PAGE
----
Confessions of a Grown-Up: My 6-Year-Old Schooled Me
It's Father's Day. I’m sitting in a McDonald’s PlayPlace eating pancakes while my daughter, Clara, 6, and my son, Charlie, 3, climb on the tubes. They wanted to take me here for Father’s Day, which was their not-so-subtle way of getting what they wanted.
I start to panic a bit when my phone rings for the third time. I step outside to talk to my friend. The father of a former student has died unexpectedly. I knew him well. I know his wife well.
My friend is still talking, but I can’t hear him anymore. I’m staring at Clara and Charlie. I can’t imagine disappearing from their lives so suddenly. We have baseballs to throw and snowmen to build. I need to show them how to mow a lawn. I need to warn Clara about guys like the teenage version of myself. There is still so much for me to do with them.
My parents divorced when I was young and my father disappeared from my life for the remainder of my childhood. I know how hard it is to not have a dad. I’m constantly reminded of the things I still can’t do because my father wasn’t there to teach me. My kids need me. I feel the sudden urge to sit them down and never stop talking.
I return to the PlayPlace. I sit and think about those two children waking up on Father’s Day without their father. Then I hear Charlie calling for me. I look up. He’s climbed the highest tube, crossed some netting, and is afraid to cross back over. He’s stuck.
I try to climb, but the tubes are designed for kids. I’m not even sure they’ll support my weight. He looks to me. “Help me, Daddy!”
I feel helpless. I turn to Clara. “Can you help your brother?”
She’s never climbed so high. She’s afraid too. But she nods and begins climbing. She reaches the netting and stretches her hand to Charlie. They clasp hands high overhead. He still won’t budge. She says, “Charlie, whisper to yourself what you love most, and that’s how you can be brave. That’s what I do.”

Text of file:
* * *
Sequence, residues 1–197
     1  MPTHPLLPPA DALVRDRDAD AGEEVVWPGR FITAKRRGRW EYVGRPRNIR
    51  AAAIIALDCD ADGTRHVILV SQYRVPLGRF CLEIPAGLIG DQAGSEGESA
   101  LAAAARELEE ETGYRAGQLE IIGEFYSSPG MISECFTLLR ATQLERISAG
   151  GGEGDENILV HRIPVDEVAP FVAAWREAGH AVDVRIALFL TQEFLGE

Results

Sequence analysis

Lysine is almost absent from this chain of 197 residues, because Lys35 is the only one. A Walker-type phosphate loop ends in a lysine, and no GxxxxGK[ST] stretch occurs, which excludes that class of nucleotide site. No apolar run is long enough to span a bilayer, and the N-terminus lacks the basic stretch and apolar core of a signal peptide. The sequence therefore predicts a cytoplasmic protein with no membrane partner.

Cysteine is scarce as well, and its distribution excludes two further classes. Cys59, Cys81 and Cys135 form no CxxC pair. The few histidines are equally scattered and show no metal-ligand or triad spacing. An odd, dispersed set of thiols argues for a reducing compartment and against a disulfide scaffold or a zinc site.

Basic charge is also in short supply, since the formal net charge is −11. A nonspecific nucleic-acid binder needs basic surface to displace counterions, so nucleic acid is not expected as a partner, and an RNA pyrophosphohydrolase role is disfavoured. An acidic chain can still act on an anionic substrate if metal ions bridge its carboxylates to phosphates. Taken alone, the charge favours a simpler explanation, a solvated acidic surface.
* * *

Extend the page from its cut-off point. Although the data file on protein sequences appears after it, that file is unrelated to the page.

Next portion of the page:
I’m so astounded that I demand she repeat what she just said.
Charlie whispers something and crosses over to the net. He lands in his sister’s arms. She giggles, “I’ll never leave you, Charlie.”
Before now, I’d been foolish enough to assume that I was my children’s world. The hinge upon which all depends. After all, I plan on living forever. If not forever, at least until 100. But as I watch my kids come down from those tubular heights, hand in hand, I know that Charlie has Clara, and Clara has Charlie. I grow up a little. I realize, for the first time, that no matter what happens to me, there will be others ready and willing to step in and pick up the slack. Friends. Uncles and aunts. Neighbors. Coaches. To carry them and keep them safe when I cannot. Shelter them from danger. Love them with all of their heart if I don’t quite make it to forever.
Matthew Dicks is an elementary school teacher, novelist, and Moth StorySlam champion.